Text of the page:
You start free writing, doing daily morning pages from Artist’s Way by Julia Cameron, and then start writing beats or areas that you want to explore– such as a relationship– then break down to specific piece, a climax, for example the end of the relationship.

Then I work in a nonlinear way then go into the theatre and and improv the sections you have discovered in free write.

The most important piece for me is I book a show date and then set myself in motion without turning back or procrastinating. Deadlines are my lifesavers in creating solo work.

To find out more about Tonya’s next Kuai Retreat where she’ll get you started on YOUR solo show click here! 

 

Tonya’s sequel show opens

at Electric Lodge in Venice 3/30/2016, 8 PM

 

You can get tickets here

 https://flyingstandby3.eventbrite.com

And find out more here

 www.flyingstandbyhome.com

 

 

* If you are an artist in the process of creating your solo show / one-person performance piece, I invite you to share your process and your journey in the comments below, as well as info. on your show! *

 

 

FOR FURTHER READING…

HERE IS A GREAT ARTICLE FROM BSW ON “WRITING AND MARKETING YOUR ONE-PERSON SHOW” 

AND ANOTHER FROM HUFFINGTON POST ON 8 SOLO PERFORMERS TO WATCH for inspiration!

AND CHECK OUT THAT INTERVIEW FROM JOHN LEGUIZAMO

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ARE YOU WRONG ABOUT YOUR ARCHETYPE?

When I began training as an actor I thought I could learn to become someone else—someone more glamorous, more exciting, more lovable. Someone MORE than whom I already was. I was wrong.

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It is possible of course for a skilled actor to inhabit the life of a character, but in order to do that with any authenticity, the actor must first be authentic as him or herself. That means being in touch with your own vibration, your own motivation—you must meet yourself where you are so that you can do the same for any role you wish you take on.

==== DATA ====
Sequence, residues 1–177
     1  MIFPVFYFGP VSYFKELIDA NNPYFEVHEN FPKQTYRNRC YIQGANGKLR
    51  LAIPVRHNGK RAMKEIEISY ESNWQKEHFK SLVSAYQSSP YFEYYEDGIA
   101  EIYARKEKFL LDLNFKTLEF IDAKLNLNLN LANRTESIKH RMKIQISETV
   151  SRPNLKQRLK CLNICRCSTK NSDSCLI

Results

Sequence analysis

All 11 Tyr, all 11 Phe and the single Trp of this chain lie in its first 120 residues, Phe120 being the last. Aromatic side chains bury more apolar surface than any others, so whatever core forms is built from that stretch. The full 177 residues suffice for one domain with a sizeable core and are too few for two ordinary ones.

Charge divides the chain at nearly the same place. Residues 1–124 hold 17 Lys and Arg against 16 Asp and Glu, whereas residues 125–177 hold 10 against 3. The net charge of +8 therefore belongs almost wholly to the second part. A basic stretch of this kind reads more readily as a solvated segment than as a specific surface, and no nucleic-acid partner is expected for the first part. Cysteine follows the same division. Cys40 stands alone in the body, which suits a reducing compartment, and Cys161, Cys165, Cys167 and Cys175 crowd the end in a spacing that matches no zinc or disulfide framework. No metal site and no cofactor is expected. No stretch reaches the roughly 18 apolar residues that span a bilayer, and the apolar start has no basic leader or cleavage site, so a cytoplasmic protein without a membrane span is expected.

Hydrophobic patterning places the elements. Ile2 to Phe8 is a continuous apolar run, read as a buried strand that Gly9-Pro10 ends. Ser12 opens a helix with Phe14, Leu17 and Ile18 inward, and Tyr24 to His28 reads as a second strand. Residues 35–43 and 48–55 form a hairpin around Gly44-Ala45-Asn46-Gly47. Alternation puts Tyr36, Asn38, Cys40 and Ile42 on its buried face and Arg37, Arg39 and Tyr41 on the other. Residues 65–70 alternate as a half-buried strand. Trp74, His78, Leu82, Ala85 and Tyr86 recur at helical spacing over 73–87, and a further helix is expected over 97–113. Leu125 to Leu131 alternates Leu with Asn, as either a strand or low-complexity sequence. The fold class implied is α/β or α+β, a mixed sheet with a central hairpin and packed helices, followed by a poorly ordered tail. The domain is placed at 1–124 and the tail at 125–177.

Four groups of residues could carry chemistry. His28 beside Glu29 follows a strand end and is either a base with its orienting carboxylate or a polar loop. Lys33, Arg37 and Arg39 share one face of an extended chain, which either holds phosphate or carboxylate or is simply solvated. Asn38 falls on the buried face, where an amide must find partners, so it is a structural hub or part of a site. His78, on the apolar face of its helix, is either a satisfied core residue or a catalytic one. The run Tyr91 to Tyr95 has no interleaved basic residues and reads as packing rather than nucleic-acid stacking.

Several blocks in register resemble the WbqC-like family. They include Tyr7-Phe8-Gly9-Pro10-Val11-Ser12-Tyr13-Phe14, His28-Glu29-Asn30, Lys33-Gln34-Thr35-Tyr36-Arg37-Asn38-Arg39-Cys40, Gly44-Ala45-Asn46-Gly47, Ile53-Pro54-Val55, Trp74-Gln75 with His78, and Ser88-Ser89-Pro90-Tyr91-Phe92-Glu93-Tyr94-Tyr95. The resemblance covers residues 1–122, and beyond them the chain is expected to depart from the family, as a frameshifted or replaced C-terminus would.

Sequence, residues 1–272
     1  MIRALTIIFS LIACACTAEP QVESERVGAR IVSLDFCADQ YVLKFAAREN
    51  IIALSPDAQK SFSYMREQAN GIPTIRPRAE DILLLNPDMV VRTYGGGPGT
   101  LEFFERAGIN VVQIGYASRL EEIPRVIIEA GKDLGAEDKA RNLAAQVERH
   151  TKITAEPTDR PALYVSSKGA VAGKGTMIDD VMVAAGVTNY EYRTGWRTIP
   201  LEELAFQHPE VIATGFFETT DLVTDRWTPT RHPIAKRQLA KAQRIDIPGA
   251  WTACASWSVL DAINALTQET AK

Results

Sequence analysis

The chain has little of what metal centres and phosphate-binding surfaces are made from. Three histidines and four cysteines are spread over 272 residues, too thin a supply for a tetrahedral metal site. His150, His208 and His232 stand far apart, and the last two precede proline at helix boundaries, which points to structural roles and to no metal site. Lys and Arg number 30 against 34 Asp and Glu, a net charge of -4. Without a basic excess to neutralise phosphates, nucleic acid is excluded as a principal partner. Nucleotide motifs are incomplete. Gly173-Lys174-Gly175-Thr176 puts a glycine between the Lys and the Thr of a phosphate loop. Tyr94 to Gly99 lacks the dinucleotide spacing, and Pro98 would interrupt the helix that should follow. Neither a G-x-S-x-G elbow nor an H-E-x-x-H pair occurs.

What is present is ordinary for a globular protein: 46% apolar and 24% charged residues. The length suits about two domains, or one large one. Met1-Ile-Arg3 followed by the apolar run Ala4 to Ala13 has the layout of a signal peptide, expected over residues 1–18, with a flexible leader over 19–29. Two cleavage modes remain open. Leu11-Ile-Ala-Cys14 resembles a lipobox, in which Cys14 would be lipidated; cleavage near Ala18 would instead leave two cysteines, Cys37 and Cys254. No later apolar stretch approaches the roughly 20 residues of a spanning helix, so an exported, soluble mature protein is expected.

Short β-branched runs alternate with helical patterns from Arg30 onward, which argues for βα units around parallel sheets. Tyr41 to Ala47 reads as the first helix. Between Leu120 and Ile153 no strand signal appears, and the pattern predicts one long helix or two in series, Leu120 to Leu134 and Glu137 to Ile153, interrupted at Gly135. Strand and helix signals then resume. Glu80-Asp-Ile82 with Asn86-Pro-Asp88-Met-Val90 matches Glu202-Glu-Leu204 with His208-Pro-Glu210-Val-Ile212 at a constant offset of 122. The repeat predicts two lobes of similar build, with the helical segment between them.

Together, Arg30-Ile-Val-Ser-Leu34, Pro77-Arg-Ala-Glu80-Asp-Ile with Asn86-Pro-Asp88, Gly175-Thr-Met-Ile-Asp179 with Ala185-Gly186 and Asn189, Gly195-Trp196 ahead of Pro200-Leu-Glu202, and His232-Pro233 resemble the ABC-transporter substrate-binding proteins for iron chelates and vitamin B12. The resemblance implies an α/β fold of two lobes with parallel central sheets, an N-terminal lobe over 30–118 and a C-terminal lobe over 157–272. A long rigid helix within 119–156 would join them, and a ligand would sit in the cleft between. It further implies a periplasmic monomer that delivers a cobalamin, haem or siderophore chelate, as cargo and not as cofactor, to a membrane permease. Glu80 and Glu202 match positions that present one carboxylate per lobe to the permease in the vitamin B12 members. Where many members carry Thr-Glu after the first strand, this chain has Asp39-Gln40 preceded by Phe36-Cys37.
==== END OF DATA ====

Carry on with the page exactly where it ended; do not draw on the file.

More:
I learned that ultimately I must become me, my authentic self, more than anything else if I wanted to be successful as an actor, and as it turns out as a human.

This was not my own idea. The concept of psychological archetypes was advanced by the Swiss psychiatrist Carl Jung, c. 1919. In Jung’s psychological framework, archetypes are innate, universal prototypes for ideas and may be used to interpret observations, though they may vary a great deal in interpretation.  

Many actors continue to play the same role again and again, repeating the same story because it is their essential story—not one they’ve made up about themselves, but one that anyone can plainly see when that actor so much as walks into a room.

Those actors are not bad actors. Those are smart actors who have discovered their archetypes, and in turn the parts that mirror that archetypal story.

Those actors are WORKING actors.